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Marine Ecology Progress Series

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MEPS 394:21-33 (2009)  -  DOI:

Interactive effects of timing, intensity and duration of experimental shading on Amphibolis griffithii

Paul S. Lavery1,*, Kathryn McMahon1, Michael Mulligan2, Andrew Tennyson1

1Centre for Marine Ecosystems Research, Edith Cowan University, 270 Joondalup Drive, Joondalup WA 6027, Australia
2Geraldton Port Authority, PO Box 1856, Geraldton WA 6531, Australia

ABSTRACT: The responses of the seagrass Amphibolis griffithii to different experimental shading conditions were examined by characterising biomass, morphological and physiological features. In an in situ experiment, the intensity (ambient, moderate shading [13 to 19% of ambient] and high shading [5 to 11% of ambient]), duration (3, 6, 9 mo) and timing (post-summer, post-winter) of light reductions were manipulated. We observed interactive effects of all 3 factors, the most notable being with timing. When moderate shading was imposed at the end of summer there was a 57% loss of leaf biomass and 67% loss of rhizome carbohydrates within 3 mo. The same shading imposed at the end of winter caused no loss of leaf biomass and only a 25% decline in rhizome carbohydrates. This contrasting effect of time reflects the plant’s photo-physiological characteristics under the water temperature and light conditions. More prolonged or higher intensity shading produced more consistent responses at both times of year: moderate shading resulted in more than 93% loss of leaf biomass after 9 mo and high intensity shading resulted in more than 99% loss after 9 mo. The results highlight the importance of time of year when attempting to predict seagrass responses to shading. The study identified 14 potential early indicators of light reduction; these included leaf δ15N, which may reflect changes in the allocation of nitrogen in the photosynthetic apparatus. There is no evidence that A. griffithii is more susceptible to shading than larger seagrasses such as Posidonia spp.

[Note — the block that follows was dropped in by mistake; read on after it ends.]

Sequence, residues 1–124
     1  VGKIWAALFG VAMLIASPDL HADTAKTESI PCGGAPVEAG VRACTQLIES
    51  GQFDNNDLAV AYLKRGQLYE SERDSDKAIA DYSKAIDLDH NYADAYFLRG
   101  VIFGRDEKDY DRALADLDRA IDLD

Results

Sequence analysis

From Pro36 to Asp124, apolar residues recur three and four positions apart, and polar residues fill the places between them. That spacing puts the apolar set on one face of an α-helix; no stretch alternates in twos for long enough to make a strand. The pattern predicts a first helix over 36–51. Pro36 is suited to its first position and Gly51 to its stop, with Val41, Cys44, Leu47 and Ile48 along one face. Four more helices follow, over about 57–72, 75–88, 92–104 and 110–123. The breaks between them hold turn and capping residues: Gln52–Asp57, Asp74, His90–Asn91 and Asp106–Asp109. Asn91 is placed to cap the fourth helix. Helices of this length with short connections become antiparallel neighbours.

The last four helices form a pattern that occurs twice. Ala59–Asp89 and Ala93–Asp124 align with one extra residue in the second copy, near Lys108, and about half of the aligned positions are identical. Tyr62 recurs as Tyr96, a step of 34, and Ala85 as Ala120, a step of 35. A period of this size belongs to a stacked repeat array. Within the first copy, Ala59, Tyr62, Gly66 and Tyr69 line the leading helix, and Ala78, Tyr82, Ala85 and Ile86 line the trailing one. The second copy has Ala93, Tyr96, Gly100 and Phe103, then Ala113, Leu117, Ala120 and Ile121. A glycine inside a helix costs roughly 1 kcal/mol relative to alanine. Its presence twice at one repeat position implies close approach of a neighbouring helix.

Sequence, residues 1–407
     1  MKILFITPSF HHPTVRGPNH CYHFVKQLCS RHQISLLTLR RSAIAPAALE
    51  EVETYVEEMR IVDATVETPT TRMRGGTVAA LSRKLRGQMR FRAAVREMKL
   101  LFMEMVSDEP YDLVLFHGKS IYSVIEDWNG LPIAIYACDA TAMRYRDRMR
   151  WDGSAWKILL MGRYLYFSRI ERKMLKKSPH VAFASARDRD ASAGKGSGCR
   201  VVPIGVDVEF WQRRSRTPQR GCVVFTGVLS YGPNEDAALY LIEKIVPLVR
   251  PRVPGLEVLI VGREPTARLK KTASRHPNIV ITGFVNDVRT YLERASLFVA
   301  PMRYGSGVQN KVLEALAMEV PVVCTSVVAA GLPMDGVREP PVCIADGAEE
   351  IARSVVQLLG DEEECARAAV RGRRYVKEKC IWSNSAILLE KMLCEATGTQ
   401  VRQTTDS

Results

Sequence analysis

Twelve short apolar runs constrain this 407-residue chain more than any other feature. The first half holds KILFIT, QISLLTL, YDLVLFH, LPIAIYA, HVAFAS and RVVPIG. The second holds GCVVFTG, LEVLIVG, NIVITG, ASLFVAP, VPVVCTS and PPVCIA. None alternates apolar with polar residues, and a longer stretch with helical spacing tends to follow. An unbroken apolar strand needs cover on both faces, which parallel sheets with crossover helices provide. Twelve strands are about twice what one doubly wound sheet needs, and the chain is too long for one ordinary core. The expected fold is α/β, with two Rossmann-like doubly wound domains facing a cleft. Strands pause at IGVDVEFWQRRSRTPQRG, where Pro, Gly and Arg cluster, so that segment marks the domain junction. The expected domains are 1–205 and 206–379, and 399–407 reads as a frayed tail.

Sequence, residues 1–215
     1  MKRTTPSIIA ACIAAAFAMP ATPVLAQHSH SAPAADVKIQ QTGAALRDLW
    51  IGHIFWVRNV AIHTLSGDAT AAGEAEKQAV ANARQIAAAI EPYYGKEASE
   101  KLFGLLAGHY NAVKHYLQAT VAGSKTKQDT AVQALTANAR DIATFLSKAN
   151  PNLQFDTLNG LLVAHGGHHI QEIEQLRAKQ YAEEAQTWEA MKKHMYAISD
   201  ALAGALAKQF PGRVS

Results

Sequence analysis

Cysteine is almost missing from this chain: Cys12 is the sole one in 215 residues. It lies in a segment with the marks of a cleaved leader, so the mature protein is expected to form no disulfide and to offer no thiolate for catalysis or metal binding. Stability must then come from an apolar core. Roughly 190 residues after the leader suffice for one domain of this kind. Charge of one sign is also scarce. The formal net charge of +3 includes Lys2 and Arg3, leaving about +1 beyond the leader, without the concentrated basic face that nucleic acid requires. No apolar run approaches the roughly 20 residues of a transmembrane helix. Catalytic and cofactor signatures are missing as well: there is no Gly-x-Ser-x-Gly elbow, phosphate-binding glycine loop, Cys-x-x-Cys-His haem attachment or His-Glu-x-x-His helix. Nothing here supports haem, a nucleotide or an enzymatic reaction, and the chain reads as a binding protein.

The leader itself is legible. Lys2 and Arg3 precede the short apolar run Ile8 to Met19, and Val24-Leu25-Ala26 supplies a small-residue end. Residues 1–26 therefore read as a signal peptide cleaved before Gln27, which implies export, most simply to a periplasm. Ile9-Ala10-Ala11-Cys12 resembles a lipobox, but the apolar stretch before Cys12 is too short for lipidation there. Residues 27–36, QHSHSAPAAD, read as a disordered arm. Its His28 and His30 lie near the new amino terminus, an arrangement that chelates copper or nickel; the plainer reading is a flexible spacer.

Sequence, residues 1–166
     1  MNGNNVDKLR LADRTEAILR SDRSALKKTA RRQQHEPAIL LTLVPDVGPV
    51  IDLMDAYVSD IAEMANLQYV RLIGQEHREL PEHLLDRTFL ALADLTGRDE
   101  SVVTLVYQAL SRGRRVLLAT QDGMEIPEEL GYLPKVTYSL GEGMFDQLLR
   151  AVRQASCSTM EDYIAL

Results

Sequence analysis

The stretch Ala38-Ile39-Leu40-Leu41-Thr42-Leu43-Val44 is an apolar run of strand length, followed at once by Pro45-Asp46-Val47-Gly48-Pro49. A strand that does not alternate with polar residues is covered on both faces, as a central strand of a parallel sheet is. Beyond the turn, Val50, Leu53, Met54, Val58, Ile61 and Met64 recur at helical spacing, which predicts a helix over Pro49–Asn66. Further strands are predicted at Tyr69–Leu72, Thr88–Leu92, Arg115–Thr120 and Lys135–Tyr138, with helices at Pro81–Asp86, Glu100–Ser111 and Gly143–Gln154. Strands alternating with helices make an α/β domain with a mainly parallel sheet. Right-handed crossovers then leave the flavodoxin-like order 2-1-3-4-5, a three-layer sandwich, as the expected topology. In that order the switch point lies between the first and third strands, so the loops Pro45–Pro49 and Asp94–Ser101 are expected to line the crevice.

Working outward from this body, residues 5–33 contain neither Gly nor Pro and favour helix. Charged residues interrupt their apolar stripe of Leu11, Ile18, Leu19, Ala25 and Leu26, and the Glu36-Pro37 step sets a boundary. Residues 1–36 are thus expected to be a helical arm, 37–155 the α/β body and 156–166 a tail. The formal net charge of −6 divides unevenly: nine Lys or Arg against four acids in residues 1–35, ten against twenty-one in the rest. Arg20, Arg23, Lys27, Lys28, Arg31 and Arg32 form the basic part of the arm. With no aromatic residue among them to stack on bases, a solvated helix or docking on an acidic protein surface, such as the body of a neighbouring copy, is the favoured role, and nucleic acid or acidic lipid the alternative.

KEY WORDS: Light reduction · Dredging · Seagrass disturbance · Australia

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Cite this article as: Lavery PS, McMahon K, Mulligan M, Tennyson A (2009) Interactive effects of timing, intensity and duration of experimental shading on Amphibolis griffithii. Mar Ecol Prog Ser 394:21-33.

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